At Monday’s meeting, several people were present to encourage the Board to abandon the plan.

Public comment

The first to offer comment was local restaurateur and political activist Sean Cummings.

Cummings told the Board that he was the proud father of five kids. As each child reached the age of 16, Cummings explained, he would give the new driver a “beater car,” which Cummings described as a well-used old car that’s seen some road miles.

Cummings said that his family would give the child a car that needed attention in order to teach the young person to take care of the car.

Sean Cummings speaks during the second jail listening session Oct. 7, 2021. (BRETT DICKERSON/Okla City Free Press)

“After a couple of years of not doing scheduled maintenance and changing the oil, I wouldn’t buy them a Maserati.”

Cummings compared that to the maligned Jail Trust who is in charge of operations of the Jail.

“None of them knew how to run a jail when they started, and they haven’t learned yet,” Cummings declared.

He asked why would the County hand over the keys to a newer, bigger, more expensive facility to a group that has a track record of not doing a good job.

Local activist Mark Faulk also took the podium to ask the Board to vote no on the bond election and to focus their efforts at lowering the numbers of people incarcerated.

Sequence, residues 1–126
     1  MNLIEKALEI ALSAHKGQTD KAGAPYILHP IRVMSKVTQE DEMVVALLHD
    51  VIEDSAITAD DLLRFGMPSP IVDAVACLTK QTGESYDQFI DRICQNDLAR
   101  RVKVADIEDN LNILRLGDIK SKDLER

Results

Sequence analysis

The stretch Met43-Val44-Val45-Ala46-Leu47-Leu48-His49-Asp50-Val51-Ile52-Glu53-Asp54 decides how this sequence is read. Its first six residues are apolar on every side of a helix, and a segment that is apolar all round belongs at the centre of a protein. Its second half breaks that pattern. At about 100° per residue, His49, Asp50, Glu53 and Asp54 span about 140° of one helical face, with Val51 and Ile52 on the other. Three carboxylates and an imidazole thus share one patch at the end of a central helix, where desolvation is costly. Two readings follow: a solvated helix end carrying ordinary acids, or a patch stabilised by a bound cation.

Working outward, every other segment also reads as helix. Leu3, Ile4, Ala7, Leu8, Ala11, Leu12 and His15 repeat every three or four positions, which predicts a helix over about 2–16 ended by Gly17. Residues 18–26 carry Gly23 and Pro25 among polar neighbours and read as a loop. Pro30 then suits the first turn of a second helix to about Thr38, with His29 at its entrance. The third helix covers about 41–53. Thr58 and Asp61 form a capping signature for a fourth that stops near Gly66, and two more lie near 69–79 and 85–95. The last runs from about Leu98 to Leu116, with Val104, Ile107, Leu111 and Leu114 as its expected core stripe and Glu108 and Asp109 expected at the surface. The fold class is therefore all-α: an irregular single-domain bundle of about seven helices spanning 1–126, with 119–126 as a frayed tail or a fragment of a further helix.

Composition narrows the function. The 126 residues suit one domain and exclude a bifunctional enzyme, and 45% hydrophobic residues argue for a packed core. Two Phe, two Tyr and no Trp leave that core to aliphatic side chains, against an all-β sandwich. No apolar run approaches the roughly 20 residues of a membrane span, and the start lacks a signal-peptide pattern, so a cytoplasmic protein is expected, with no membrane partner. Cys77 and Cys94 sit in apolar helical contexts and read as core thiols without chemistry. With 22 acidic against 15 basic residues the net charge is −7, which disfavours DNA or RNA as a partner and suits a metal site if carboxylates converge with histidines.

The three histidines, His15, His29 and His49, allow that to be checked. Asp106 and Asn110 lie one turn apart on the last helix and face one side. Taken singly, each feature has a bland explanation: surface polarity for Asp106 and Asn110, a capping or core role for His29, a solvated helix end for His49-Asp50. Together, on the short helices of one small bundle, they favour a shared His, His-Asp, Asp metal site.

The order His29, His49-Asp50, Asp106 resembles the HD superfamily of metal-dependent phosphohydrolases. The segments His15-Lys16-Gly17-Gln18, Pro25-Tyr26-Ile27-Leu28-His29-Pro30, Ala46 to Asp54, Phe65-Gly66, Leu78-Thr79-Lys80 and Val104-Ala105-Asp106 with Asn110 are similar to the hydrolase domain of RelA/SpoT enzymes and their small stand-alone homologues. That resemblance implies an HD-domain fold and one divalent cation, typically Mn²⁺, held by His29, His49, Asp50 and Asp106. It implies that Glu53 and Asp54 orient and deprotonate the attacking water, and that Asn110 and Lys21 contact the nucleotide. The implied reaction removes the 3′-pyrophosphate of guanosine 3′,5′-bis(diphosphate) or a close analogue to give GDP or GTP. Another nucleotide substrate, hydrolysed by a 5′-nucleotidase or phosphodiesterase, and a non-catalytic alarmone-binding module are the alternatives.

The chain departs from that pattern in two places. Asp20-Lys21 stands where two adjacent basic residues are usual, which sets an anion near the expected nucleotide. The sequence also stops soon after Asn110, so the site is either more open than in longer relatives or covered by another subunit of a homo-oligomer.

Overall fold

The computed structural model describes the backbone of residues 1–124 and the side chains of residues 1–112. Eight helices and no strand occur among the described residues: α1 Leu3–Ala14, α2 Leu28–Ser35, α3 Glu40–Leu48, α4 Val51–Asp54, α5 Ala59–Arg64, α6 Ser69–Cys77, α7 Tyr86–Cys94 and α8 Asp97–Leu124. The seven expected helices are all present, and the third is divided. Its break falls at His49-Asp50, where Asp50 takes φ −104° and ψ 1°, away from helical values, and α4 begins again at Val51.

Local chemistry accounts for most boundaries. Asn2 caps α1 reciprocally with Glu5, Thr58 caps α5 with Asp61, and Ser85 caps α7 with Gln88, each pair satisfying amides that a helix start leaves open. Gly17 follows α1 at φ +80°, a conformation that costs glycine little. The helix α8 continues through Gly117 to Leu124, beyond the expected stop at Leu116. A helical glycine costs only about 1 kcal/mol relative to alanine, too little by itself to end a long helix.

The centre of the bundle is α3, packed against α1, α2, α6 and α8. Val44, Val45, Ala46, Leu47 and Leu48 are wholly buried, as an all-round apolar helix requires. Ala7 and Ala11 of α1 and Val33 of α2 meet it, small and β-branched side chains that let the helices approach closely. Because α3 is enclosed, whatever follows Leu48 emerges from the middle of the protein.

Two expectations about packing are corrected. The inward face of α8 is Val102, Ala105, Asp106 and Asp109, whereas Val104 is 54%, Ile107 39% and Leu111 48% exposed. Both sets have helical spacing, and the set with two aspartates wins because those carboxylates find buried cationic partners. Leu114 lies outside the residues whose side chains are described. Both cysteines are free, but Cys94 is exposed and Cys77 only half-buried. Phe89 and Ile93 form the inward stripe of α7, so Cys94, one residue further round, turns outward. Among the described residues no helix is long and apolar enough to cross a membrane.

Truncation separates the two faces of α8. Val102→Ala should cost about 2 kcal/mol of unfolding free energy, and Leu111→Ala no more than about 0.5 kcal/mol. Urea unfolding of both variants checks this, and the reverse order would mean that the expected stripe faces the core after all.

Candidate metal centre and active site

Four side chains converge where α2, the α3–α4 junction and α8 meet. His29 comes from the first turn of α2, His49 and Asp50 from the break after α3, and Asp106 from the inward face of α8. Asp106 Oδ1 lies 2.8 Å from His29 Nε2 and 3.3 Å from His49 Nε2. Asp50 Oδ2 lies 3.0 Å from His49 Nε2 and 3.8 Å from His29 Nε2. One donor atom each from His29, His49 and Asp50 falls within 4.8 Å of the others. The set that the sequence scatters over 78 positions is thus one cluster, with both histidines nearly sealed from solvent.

Faulk noted the death rate at the Jail, which has more than doubled since the Jail Trust took over operations. At the current pace, the Jail could see as many as 24 deaths in 2022.

For reference, Riker’s Island in New York City has a daily population of approximately 10,000 people, as opposed to Oklahoma County Jail’s approximately 1,700. Last year 13 died in Oklahoma County, whereas only 16 died at Riker’s.

Faulk referenced the most recent death at the Jail, stating that the man who died was in jail for shoplifting and failure to appear for a traffic violation, neither of which carry a death sentence anywhere in the United States.

Social services

In a move that will likely make services more accessible for many, the BoCC voted on Monday to relocate the County’s Department of Social Services.

The current location of those offices is at 7401 NE 23rd Street, making travel times to services last very long. Additionally, the building where the department is currently located is mostly empty, and renovations for the building would cost far more than moving to a new location with build-out costs included.

The new offices will be on the third floor of the Juvenile Justice Center at 5905 N. Classen.

The build out is expected to be completed by June 1 so that the on-site pharmacy inspection can be completed prior to move-in.

The Department anticipates relocating on July 1.

Longhorns basketball

A moment of celebration was shared at Monday’s meeting, as a resolution was adopted commending the Jones High School Girls Basketball Team for their second State Championship in as many years.

The team and their coaches were at Monday’s meeting and were congratulated on their repeat.

One coach said that all the players would be returning next year for the season, raising hopes for a three-peat in 2023.

The BoCC will meet again on April 18 at 9:00 a.m.

Last Updated April 4, 2022, 2:24 PM by Brett Dickerson – Editor